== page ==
The glasshouse whitefly Trialeurodes vaporariorum and the tobacco whitefly Bemisia tabaci are major pests of many vegetable and ornamental crops. Due to its high resistance to most insecticides, the tobacco whitefly poses a particular threat to many crops.
The whitefly goes through six stages, namely egg, first, second, third and fourth larval stage (which develops into a pupa) and adult. The adult whiteflies can usually be found in the top of the plant and on the underside of young leaves, where they deposit their eggs. When shaking infested plants, adults will first fly, then return to the underside of the leaves. The larvae are found on the underside of young leaves; pupae are found on the oldest leaves. Larvae of Bemisia tabaci can occur on both young and old leaves.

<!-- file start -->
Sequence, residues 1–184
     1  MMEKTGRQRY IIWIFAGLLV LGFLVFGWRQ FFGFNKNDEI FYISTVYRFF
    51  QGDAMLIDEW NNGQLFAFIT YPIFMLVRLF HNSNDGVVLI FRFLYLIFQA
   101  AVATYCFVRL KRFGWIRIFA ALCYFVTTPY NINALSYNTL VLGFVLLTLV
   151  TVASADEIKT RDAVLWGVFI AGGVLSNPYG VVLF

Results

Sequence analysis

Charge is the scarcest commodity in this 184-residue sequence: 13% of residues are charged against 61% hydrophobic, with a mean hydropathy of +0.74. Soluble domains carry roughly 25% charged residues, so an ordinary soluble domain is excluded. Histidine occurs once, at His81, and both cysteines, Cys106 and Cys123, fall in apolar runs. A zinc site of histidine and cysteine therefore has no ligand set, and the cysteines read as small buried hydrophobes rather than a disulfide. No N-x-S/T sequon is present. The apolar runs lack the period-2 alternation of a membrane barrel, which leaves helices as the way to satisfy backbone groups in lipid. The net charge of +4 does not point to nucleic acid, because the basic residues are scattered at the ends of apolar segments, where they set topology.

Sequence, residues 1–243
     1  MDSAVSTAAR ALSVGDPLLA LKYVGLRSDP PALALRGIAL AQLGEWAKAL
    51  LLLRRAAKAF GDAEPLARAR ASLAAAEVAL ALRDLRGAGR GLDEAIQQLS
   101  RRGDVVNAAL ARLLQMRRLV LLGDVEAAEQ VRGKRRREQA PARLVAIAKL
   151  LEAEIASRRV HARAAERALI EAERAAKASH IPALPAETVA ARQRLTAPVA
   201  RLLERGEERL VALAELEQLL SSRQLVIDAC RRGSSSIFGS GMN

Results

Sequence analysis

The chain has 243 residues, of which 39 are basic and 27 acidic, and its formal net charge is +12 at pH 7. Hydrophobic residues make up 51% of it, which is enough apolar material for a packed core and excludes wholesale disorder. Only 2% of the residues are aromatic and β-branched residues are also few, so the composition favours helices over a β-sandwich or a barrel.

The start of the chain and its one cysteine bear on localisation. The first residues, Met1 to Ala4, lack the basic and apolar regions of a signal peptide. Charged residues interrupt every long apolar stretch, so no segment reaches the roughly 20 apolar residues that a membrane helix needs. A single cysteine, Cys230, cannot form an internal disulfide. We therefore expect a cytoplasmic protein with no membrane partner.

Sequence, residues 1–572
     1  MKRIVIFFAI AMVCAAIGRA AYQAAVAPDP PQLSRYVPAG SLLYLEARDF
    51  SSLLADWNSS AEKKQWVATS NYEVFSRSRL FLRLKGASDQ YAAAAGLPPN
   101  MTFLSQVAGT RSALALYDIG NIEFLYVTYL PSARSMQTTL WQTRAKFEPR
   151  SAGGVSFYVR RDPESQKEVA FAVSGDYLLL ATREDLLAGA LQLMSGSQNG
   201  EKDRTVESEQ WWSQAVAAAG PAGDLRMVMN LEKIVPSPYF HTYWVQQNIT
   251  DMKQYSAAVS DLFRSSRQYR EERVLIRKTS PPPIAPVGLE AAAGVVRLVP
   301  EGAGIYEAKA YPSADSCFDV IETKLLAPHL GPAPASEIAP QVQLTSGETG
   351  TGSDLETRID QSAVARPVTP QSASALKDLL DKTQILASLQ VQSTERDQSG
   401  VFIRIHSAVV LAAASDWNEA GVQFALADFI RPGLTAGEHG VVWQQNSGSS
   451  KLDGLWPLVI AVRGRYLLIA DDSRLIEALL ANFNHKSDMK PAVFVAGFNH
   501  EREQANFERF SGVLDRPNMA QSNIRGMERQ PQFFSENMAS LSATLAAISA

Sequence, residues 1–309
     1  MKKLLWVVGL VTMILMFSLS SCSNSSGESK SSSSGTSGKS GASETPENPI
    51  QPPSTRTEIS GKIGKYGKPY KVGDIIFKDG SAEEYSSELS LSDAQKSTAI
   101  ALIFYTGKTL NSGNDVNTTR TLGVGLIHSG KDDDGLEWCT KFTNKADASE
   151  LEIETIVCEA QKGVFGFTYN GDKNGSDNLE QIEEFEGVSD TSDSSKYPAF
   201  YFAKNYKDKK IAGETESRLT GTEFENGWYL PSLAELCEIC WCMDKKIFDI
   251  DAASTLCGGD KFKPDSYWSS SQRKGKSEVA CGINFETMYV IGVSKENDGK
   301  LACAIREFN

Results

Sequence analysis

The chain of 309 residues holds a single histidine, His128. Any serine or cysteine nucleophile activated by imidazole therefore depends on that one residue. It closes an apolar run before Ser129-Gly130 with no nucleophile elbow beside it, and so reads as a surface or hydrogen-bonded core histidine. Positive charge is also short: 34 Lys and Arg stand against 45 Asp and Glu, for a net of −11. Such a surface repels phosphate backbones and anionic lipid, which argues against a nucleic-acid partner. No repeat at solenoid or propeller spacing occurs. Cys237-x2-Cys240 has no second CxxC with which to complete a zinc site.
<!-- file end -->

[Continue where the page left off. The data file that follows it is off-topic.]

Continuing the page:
Bigger larvae in particular secrete honeydew whilst feeding, on which sooty moulds develop. Also larvae produce large amounts of wax on and around their dorsal surface. These substances soil the crop and reduce production.
Both adult whiteflies and larvae extract food from the plant. This influences the plant's physiological processes, and can cause growth reduction.